CEPSA Legal Documents and Corporate Governance Report
specifications and regulating the use of certain bio-fuels and the sulfur content in specific marine fuels; RD 679/2006, of June 2nd, regulating used oils management; RD 1370/2006 of November 24th, which approves Spain’s GHG emission trading allowances for 2008-2012; EU Council Decision of October 14, 2004, regarding the signature, on behalf of the European Community, of the Stockholm Convention on Persistent Organic Pollutants; European Directive 2008/1EC, passed by the European Parliament and Council on January 15, 2008, concerning integrated pollution prevention and control (IPPC); Act 26/2007 of October 23rd on environmental responsibility which transposes Directive 2004/35/EC of the European Parliament and Council of April 21, 2004; RD 2090/2008 of December 22nd approving Regulations that partially develop the aforementioned Act; RD Law 1/2008 on environmental risk assessment and Act 34/2007 on air quality and atmospheric protection.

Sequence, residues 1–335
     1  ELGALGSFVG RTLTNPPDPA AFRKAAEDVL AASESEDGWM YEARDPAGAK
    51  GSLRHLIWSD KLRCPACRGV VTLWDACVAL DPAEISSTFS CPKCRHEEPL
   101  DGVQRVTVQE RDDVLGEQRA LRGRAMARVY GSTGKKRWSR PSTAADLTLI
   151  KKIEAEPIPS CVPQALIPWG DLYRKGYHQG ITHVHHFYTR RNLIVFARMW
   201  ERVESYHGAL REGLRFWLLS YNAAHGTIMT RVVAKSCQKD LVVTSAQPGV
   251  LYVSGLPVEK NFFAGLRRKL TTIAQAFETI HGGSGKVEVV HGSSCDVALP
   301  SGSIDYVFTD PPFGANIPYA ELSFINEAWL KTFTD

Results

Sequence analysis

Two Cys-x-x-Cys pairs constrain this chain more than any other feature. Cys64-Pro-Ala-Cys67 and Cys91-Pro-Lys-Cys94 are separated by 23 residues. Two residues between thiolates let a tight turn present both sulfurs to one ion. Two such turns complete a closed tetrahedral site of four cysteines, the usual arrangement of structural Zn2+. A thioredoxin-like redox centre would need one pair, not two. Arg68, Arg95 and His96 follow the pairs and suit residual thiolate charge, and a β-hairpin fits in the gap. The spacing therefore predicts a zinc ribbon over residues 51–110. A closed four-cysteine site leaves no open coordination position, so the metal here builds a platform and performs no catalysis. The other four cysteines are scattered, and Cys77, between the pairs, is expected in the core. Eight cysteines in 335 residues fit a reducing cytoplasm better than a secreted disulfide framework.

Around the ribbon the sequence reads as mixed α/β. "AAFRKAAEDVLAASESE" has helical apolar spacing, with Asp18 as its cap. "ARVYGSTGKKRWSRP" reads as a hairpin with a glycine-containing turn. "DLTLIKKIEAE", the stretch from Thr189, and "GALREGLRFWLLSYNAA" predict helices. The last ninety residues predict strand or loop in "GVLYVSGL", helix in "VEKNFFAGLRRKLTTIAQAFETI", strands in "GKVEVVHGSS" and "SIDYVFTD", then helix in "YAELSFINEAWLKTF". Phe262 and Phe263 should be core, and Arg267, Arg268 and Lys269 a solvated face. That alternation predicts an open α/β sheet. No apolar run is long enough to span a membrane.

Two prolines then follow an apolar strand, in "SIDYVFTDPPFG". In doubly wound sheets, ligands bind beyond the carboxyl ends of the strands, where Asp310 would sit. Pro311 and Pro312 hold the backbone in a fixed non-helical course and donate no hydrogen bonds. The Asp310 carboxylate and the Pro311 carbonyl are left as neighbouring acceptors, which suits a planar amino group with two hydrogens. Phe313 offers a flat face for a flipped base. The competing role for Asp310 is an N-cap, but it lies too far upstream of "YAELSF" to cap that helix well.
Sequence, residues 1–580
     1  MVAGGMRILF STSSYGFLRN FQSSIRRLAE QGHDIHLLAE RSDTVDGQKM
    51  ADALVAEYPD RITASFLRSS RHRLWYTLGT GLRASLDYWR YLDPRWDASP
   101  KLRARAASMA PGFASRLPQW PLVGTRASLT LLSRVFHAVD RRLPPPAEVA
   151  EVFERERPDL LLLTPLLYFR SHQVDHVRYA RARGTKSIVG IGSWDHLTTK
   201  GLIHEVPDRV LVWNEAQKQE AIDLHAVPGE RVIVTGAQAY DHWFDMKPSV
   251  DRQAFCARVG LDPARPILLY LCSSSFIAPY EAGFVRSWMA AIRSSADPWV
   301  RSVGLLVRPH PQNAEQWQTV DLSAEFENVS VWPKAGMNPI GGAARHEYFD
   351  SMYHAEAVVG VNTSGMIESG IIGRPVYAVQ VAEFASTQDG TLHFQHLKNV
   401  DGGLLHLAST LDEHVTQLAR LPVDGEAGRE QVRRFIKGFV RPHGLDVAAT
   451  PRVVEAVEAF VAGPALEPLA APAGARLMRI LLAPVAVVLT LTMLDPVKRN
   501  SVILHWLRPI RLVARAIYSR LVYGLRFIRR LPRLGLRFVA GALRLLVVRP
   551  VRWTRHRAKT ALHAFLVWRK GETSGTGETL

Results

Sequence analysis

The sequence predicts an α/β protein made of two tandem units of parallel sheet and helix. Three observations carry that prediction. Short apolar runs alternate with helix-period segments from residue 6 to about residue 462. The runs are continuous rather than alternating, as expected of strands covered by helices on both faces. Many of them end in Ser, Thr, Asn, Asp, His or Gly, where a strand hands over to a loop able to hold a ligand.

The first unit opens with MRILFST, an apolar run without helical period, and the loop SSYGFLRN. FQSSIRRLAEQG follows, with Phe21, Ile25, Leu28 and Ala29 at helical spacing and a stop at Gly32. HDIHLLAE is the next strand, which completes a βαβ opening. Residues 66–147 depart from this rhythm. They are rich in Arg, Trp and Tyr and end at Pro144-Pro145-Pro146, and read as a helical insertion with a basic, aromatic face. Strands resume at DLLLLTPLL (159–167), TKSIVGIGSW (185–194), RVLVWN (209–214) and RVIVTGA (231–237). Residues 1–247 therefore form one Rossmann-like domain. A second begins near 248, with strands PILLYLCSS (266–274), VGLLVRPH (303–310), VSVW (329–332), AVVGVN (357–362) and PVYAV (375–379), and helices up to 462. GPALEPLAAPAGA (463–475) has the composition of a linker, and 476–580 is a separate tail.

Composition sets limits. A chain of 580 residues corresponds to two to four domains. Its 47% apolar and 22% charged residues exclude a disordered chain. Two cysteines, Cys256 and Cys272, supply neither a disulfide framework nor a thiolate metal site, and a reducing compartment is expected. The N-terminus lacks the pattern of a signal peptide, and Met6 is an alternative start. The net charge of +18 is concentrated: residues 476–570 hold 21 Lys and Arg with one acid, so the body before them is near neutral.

Bahrain aims to establish an efficient capital market and appears to have taken statutory as well as voluntary steps to implement good corporate governance. However as outlined in this Paper changes must be made to better implement standards of corporate governance in line with the OECD Principles. It is important to finalize and to issue the code of corporate governance of the Kingdom of Bahrain that has been drafted by the National Committee for Corporate Governance. If passed, the Draft Commercial Companies Law will make it a legal obligation for public companies to establish and adopt written corporate governance guidelines consistent with those of the code. The CBB Rulebook also provides for the implementation of the corporate governance principles in financial companies and listed companies.